Automated cell culture and maintenance system for stem cell research

1st April 2013

TAP Biosystems has announced it will be introducing the CompacT SC, an automated T-flask cell culture system designed to fully control expansion, differentiation and maintenance of stem cells.
The new CompacT SC, which can be used to aseptically culture multiple different stem cell lines in parallel using T75 and T175 flasks, has a number of features which makes controlling the growth and differentiation of stem cells an easy, convenient task.

The system includes automated cell imaging and analysis, allowing scientists to programme the CompacT SC to monitor cell morphology and growth curves. It also permits researchers to set the system to respond to any pre-programmed changes by automatically passaging cells and adding new media, reagents or vectors at appropriate times. This means scientists can consistently maintain cell lines in the state they need them, either as pluripotent cells or during cell differentiation and transfection. Processes can be performed at any time of the day or night, without researchers having to be in the laboratory.
The CompacT SC also comes with a Low Volume Reagent Dispensing Option and an Incubator Oxygen Control Option. These enable scientists to achieve optimal conditions for their stem cells by automatically setting the system to pipette chilled growth factors or transfection reagents at low volumes, as well as provide reduced oxygen levels to mimic in tissue conditions.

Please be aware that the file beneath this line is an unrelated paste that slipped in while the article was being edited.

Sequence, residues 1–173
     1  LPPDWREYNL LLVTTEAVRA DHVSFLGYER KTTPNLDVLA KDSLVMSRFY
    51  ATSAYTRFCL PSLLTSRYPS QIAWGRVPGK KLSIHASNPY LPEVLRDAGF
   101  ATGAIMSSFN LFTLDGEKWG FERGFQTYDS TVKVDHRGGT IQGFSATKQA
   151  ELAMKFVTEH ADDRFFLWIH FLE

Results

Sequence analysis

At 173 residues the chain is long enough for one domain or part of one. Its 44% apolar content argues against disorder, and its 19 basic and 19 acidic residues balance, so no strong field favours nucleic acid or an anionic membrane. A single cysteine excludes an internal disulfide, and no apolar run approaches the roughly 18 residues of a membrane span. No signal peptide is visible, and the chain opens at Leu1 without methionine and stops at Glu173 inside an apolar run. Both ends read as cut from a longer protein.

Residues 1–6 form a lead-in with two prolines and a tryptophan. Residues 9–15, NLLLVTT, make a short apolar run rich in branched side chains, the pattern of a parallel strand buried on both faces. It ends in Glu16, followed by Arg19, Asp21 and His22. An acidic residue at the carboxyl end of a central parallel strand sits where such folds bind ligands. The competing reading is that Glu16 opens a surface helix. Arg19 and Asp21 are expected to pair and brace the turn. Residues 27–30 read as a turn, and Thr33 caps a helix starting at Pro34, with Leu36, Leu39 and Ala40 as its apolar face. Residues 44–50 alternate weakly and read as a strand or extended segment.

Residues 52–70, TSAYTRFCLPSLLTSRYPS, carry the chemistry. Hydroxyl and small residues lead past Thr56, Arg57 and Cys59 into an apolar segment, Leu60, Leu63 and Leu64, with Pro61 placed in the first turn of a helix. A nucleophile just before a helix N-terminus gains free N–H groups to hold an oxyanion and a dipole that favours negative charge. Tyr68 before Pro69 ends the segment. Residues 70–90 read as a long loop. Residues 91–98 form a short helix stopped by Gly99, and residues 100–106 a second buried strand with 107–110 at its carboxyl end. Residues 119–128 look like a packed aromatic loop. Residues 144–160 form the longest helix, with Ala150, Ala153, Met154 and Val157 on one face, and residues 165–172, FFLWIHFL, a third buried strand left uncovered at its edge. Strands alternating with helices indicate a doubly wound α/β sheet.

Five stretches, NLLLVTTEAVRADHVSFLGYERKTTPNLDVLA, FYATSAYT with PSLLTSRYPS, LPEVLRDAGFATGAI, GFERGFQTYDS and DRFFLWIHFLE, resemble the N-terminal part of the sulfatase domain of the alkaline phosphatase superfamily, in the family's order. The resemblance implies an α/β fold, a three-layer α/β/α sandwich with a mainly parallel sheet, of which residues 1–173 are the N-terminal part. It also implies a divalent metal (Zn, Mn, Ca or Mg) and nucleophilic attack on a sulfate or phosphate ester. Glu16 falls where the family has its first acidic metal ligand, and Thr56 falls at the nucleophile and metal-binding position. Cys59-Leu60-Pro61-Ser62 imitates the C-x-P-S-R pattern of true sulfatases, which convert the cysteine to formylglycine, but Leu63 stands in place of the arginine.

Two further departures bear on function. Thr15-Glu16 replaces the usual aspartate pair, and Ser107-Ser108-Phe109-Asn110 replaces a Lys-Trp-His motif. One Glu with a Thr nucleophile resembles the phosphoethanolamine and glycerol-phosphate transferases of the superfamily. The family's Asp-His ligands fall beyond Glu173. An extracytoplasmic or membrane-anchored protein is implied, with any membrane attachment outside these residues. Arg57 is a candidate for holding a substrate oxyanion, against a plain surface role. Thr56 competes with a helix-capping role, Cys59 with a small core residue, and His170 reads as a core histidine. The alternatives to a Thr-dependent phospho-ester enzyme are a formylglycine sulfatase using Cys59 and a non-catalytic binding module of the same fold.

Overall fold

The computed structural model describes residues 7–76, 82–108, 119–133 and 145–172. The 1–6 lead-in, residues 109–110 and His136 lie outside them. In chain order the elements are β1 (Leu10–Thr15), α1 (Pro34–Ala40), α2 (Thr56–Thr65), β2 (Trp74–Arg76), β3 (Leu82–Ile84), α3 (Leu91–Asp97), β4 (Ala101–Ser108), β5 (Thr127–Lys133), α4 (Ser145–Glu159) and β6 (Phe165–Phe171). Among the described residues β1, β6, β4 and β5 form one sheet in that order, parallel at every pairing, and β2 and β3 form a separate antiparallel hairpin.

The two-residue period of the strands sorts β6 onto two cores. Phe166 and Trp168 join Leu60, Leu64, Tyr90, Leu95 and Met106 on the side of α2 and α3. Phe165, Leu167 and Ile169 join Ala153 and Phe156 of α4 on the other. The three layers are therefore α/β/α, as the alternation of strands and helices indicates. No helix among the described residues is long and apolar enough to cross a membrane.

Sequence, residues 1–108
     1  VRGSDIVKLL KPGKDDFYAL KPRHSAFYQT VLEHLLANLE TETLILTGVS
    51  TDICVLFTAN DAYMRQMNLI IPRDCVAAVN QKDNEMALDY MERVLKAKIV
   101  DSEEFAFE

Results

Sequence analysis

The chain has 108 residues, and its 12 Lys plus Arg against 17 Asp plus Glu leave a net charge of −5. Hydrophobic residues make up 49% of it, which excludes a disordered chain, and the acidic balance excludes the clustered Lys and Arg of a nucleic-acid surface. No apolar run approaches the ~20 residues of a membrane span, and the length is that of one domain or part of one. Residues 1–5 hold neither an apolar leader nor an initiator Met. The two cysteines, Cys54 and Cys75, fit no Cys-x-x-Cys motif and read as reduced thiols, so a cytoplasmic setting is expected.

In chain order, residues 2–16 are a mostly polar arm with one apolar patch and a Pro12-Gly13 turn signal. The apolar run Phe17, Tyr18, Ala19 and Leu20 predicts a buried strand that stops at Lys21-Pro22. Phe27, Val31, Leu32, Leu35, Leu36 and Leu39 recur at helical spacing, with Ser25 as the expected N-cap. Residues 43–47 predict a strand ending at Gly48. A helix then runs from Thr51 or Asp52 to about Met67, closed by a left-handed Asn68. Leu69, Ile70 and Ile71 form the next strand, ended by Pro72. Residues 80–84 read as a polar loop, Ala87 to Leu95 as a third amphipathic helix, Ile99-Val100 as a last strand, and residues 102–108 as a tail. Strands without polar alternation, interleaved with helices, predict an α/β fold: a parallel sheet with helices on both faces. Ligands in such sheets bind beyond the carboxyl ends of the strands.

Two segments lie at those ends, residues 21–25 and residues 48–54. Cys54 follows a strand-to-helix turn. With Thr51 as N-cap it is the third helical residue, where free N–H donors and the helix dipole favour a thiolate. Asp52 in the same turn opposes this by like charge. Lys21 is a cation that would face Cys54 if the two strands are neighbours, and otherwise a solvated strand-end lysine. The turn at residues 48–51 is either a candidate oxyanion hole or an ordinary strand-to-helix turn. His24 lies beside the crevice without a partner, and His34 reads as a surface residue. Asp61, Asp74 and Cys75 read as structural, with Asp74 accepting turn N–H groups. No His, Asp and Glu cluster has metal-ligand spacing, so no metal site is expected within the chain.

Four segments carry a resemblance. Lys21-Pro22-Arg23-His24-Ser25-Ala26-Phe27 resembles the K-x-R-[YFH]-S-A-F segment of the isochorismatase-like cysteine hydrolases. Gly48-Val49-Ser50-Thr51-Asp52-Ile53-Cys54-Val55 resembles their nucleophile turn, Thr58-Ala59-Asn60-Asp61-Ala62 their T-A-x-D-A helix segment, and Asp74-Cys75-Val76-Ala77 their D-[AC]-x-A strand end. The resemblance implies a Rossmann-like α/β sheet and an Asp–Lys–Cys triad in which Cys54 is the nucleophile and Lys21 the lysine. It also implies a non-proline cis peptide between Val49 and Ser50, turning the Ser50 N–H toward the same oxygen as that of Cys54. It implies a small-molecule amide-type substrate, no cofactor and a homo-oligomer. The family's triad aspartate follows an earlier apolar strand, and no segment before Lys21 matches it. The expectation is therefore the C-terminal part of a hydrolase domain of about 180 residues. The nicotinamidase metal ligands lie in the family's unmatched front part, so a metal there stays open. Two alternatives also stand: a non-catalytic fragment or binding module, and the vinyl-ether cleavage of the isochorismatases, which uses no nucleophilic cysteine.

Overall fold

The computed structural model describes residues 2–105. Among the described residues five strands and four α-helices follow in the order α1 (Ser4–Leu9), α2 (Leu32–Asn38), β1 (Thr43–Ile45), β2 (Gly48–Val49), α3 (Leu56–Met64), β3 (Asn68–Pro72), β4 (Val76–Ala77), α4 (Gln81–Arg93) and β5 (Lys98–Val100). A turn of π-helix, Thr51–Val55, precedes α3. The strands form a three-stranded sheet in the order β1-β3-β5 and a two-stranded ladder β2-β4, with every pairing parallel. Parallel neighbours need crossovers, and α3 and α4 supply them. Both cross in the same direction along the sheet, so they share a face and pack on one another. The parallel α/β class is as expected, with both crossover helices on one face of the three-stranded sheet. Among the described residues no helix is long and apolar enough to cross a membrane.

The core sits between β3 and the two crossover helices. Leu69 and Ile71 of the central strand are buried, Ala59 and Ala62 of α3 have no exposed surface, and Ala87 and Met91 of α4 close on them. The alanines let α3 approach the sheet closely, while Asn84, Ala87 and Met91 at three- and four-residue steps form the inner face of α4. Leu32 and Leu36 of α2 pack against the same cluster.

For scientists that want the flexibility to maintain cells in six well and 24 well plate formats, there is also an Advanced Plating Module, which can be easily integrated into the CompacT SC. This approach saves researchers’ time by automating plate-based applications requiring labour intensive feeding regimes.
Dave Thomas, Product Manager at TAP Biosystems commented: “Maintaining pluripotent stem cells or inducing them to differentiate can be difficult to perform manually as scientists often have to add media or reagents and reduce oxygen levels at very specific times to reproduce physiologically relevant conditions. Since this can often be overnight or at weekends, treatments are sometimes performed at a time that is not optimal for the cells, but at a time that is more convenient for the scientists. This can lead to variations in cell quality.”
Thomas added: “We’re pleased to introduce the CompacT SC at the ISSCR because researchers from core stem cell facilities that need to culture different cell lines in parallel will understand these issues. We look forward to explaining to these scientists how using the CompacT SC will ensure their stem cells are treated more consistently and more crucially, will help them generate reproducible experimental results.”

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